Our numerous visits to Laguna and Quezon via the so-called backdoor route along the Manila East Road always takes us pass the quiet town of Pililla, Rizal. Despite the beautiful green rolling hills and some ancestral homes in town, we were content to simply pass through Pililla on our way to other destinations. An unexpected development several months ago made us realize how much we have been ignoring this quaint town all these years. The construction of the Pililla Wind Farm have practically turned the town into a tourist destination almost overnight.
Whatever it is that makes a wind farm a tourist destination – think Bangui windmills in Ilocos Norte – is somewhat of a puzzle to us. But we weren’t looking for explanations of the sort when we detoured off the Manila East Road on our return trip to Manila from Luisiana, Laguna to see the 27 windmills resting atop the rolling hills of Pililla for the first time.
There are three clusters of windmills here connected by a road loop. Visitors can enter either through the Manila East Road that runs close to Laguna de Bay then goes uphill towards Pililla or through the Marilaque Highway at Sampaloc, Tanay.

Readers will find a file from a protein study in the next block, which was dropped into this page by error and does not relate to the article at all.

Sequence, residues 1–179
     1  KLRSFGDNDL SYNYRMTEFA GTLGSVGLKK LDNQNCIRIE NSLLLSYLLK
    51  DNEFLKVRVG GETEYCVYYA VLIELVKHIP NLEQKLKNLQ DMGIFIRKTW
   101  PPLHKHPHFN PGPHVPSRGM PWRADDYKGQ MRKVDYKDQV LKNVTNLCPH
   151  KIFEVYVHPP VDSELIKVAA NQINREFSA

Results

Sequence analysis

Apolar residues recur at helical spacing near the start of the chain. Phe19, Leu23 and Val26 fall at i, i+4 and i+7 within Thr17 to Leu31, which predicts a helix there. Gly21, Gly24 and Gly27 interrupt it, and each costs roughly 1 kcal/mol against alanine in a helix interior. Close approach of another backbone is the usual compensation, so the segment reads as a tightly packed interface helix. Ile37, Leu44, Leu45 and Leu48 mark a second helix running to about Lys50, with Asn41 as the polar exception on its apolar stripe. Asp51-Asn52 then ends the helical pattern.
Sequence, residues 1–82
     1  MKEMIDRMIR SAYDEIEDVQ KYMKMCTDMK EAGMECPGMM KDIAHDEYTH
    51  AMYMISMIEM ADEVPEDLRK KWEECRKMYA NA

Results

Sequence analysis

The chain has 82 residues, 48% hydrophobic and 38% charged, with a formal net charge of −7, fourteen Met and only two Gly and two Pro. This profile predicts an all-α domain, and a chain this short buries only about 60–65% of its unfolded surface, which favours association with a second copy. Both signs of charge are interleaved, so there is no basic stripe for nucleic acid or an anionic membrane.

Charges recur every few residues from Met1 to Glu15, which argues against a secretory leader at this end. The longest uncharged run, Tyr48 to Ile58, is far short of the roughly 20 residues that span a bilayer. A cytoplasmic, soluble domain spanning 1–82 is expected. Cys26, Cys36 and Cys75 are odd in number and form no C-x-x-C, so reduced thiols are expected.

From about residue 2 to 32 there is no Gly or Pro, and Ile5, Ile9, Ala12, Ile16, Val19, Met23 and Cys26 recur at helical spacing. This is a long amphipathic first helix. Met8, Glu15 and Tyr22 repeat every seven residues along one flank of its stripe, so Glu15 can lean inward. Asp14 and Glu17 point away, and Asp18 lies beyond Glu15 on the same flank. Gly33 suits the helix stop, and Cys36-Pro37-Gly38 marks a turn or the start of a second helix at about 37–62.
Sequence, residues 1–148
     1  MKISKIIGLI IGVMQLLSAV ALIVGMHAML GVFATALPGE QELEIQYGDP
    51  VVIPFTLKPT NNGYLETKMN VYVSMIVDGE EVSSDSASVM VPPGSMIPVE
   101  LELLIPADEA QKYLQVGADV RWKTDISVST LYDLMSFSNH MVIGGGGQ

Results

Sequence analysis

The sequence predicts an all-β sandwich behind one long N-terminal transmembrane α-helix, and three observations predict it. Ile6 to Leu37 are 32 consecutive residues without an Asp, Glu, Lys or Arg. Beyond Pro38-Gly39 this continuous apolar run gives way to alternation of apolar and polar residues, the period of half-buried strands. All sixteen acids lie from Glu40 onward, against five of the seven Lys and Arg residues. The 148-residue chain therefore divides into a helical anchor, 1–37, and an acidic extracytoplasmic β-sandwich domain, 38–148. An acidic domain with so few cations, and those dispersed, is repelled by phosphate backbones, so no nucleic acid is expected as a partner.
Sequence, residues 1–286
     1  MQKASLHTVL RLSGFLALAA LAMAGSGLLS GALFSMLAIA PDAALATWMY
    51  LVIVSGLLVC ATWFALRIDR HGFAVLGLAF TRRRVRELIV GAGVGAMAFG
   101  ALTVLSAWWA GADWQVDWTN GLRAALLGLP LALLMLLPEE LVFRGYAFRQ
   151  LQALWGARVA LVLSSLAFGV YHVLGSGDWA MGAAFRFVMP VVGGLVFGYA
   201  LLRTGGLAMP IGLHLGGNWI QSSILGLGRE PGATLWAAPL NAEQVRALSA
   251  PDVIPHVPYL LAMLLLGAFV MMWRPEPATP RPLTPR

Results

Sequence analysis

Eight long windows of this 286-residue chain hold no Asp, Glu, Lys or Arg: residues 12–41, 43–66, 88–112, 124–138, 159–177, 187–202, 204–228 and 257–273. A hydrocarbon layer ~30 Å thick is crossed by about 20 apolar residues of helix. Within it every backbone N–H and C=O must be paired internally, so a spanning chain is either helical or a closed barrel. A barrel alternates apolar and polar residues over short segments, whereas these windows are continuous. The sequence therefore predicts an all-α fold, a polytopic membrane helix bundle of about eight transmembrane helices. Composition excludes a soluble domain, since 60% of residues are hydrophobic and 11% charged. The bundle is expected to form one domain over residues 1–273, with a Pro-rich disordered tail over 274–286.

The road to the visitors’ center from the Manila East Road is unpaved at several portions although graded. That meant a dusty though not very bumpy ride. As we drove along we began to appreciate the undulating topography featuring Pililla’s rolling hills – something we used to take for granted on our numerous drives along this corridor. A strong breeze kept blowing across our path. It was easy to see why they placed the windmills here.
We soon realized that we weren’t alone in our intentions; there was quite a number of vehicles parked outside the visitors’ center and several locals in rented trikes were also converging there. And all these on a weekday. People were all over the place taking selfies and other pictures using mobile phones and iPads. It was almost impossible to take photos of the wind turbines without people bombing our shots.
At the visitors’ center is a coffee shop and a series of info graphics. Here we learned that the 27 wind turbines are capable of generating 67.5 megawatts of electricity, which power-hungry Metro Manila nearby is all too eager to consume. Together with the Bangui and Guimaras (Central Visayas) wind farms, the Pililla wind farm is helping the Philippines become the wind capital of Southeast Asia – according to the info graphics.
The area at the visitors’ center is a flat expanse of ground with a commanding view of Laguna de Bay and the surrounding rolling hills. Sunset photos with the windmills as a backdrop would have been great here (there you go with why these structures have elicited so much tourism curiosity). However, we arrived mid-afternoon and would have to wait two hours more before sundown. Still, with this place just two hours or so away from home, it’s just a matter of time before we’re back.